FIGS. 1, 2 and 3 are a perspective view, a front view and a side view of the preferred embodiment of the present invention as used as a free-standing advertising display.
FIG. 4 is a top view of the assembly of FIGS. 1 through 3.
FIG. 5 is a cross-sectional view taken along line 5--5 of FIG. 1.
FIG. 6 is a cross-sectional view taken along line 6--6 of FIG. 1.
FIG. 7 is a bottom view of the assembly of FIGS. 1, 2 and 3.
FIG. 8 is a face view of member 34 as laid flat, or as cut from sheet material.
FIG. 9 is a face view of member 36.
FIG. 10 is a face view of member 38.
FIG. 11 is an exploded perspective view of the erected display of the present invention.
FIG. 12 is a view of regions 42' as visible in FIG. 11, but taken on a different perspective.
FIGS. 13 through 17 show details of member 40 and its folding to retain the feet assemblies.
FIGS. 18 and 19 show details of the feet assemblies.
FIG. 20 illustrates the retention of the feet assemblies in the display assembly by member 40.
First referring to FIGS. 1, 2 and 3, a perspective view, a front view and a side view of the preferred embodiment of the present invention as used as a free-standing advertising display may be seen. The display comprises an upper sub-assembly 20, a lower sub-assembly 22, and when used as a free-standing display, a pair of feet assemblies 24.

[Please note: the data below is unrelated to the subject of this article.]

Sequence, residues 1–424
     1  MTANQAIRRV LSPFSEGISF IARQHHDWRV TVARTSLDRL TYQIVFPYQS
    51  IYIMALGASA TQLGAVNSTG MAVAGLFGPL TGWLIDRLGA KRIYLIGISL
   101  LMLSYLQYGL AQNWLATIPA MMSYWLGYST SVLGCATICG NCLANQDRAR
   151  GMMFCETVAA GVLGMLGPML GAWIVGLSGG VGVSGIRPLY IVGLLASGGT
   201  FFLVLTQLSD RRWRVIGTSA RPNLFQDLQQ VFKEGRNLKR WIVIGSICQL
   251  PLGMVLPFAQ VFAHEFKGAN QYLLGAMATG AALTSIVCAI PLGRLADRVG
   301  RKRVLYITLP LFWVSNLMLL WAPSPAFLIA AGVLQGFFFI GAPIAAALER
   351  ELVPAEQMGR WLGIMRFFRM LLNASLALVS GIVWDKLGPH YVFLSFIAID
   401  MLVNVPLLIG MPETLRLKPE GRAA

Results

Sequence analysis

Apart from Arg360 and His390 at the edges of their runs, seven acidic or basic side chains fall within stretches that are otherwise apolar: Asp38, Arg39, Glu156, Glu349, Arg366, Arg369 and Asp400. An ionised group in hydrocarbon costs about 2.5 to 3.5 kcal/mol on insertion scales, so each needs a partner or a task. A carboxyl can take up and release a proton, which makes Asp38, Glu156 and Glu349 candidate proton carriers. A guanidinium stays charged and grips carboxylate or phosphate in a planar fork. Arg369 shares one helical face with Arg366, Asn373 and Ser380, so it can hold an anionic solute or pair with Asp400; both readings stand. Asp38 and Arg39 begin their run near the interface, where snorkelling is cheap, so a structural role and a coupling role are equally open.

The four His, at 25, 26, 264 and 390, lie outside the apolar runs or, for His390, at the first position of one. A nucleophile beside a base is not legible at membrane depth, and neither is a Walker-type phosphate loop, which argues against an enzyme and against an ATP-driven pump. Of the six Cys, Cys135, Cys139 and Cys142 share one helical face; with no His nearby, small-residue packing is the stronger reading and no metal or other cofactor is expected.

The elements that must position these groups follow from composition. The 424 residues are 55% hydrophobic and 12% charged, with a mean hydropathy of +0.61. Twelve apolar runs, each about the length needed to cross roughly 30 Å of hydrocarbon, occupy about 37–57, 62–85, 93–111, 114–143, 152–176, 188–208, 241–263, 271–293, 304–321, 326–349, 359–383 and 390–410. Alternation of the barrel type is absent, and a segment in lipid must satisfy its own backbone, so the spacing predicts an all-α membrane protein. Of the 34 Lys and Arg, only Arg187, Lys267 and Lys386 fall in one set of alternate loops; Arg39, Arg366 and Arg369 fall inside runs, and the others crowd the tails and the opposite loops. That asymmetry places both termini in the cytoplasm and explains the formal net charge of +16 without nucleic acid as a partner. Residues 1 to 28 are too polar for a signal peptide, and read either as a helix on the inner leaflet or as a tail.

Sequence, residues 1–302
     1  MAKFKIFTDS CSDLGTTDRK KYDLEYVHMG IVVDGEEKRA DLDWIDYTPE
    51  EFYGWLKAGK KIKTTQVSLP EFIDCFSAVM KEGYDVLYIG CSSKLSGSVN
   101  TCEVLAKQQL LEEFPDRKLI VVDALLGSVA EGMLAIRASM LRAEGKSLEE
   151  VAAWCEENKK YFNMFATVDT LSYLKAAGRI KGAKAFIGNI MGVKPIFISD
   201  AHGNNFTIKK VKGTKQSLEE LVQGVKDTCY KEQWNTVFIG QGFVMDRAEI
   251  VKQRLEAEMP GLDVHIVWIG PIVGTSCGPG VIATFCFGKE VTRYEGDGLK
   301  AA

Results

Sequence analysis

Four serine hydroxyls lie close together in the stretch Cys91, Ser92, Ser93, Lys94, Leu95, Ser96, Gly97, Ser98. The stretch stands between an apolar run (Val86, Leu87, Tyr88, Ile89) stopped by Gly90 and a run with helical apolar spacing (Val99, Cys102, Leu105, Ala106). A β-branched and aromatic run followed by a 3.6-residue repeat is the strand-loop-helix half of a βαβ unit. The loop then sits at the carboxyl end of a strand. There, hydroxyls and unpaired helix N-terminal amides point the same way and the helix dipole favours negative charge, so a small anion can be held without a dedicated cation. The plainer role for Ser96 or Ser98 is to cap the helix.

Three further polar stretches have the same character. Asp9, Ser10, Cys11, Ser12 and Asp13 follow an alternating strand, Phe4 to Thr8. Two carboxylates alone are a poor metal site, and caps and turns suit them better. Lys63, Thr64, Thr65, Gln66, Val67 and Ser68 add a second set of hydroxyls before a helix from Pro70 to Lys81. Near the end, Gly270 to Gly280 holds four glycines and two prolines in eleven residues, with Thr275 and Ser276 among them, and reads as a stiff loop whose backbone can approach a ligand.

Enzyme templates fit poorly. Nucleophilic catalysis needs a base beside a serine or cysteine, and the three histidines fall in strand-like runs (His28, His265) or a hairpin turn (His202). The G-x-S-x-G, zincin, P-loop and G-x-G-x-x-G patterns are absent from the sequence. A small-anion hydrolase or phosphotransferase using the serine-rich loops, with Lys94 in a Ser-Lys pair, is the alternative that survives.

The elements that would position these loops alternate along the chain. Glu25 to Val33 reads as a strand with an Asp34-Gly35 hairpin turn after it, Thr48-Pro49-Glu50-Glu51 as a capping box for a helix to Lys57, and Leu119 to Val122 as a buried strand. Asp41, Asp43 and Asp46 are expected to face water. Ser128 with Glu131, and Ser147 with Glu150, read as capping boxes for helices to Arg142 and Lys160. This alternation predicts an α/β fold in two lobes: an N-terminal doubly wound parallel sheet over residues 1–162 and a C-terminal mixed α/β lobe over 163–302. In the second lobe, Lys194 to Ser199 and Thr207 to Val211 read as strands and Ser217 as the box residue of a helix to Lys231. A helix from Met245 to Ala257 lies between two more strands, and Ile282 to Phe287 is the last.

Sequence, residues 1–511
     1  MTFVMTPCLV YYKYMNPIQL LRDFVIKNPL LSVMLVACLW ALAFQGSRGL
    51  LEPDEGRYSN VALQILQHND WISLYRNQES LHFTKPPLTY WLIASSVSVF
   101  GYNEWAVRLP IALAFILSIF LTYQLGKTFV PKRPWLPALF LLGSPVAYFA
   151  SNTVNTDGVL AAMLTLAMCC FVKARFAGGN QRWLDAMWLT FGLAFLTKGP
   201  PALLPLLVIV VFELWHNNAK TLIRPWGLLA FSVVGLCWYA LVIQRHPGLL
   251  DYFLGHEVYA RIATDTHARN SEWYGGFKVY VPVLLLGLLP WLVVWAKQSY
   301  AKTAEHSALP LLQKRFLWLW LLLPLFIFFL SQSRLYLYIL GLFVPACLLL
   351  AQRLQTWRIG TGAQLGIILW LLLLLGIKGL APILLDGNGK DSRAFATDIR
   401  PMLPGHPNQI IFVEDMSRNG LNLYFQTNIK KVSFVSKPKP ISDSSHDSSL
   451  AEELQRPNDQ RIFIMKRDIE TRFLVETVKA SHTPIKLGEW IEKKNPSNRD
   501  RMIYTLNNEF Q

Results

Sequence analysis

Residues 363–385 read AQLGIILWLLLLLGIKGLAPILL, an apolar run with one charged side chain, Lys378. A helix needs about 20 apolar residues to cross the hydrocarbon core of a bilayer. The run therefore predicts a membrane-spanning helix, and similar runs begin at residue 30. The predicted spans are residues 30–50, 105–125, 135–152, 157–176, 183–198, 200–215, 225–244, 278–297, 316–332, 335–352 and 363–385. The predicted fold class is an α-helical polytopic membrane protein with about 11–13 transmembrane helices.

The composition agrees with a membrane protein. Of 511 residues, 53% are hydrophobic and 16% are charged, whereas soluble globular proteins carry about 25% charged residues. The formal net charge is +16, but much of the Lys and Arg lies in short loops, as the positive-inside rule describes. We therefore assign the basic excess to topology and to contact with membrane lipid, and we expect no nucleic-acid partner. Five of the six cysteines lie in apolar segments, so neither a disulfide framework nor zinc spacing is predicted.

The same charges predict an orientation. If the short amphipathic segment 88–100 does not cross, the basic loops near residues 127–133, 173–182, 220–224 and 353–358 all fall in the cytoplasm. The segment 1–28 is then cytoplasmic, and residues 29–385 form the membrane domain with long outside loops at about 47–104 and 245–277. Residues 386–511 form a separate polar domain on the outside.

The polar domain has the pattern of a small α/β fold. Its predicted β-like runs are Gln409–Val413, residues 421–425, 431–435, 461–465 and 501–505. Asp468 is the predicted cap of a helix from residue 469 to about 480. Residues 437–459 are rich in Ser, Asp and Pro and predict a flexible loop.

FIG. 4 is a top view of the assembly of FIGS. 1-3, illustrating among other things, the general cross-section of the exterior surfaces of the display. In particular, each of the sub-assemblies 20 and 22 in the preferred embodiment is formed by a pair of sheet members 26 and 28, each folded adjacent one edge thereof and bonded to the inside surface of the other edge of the other sheet member. This forms complimentary overlapping joints 30 and 32 at opposite sides of opposite edges of the corresponding sub-assembly of the display.
The top of sub-assembly 20 is held in the approximately elliptical open shape shown by member 34. The lower portion of sub-assembly 20 is similarly held open by member 36 as shown in FIG. 5, a cross-sectional view taken along line 5--5 of FIG. 1. The lower sub-assembly 22 is held open adjacent the top thereof by a member 38 as shown in FIG. 6, a cross-sectional view taken along line 6--6 of FIG. 1, and adjacent the bottom thereof by a member 40 shown in FIG. 7. As shall be seen, members 34, 36, 38 and 40 are of a special design, and assembled at the time of manufacture by cementing or bonding the same in position on sheet members 26 and 28.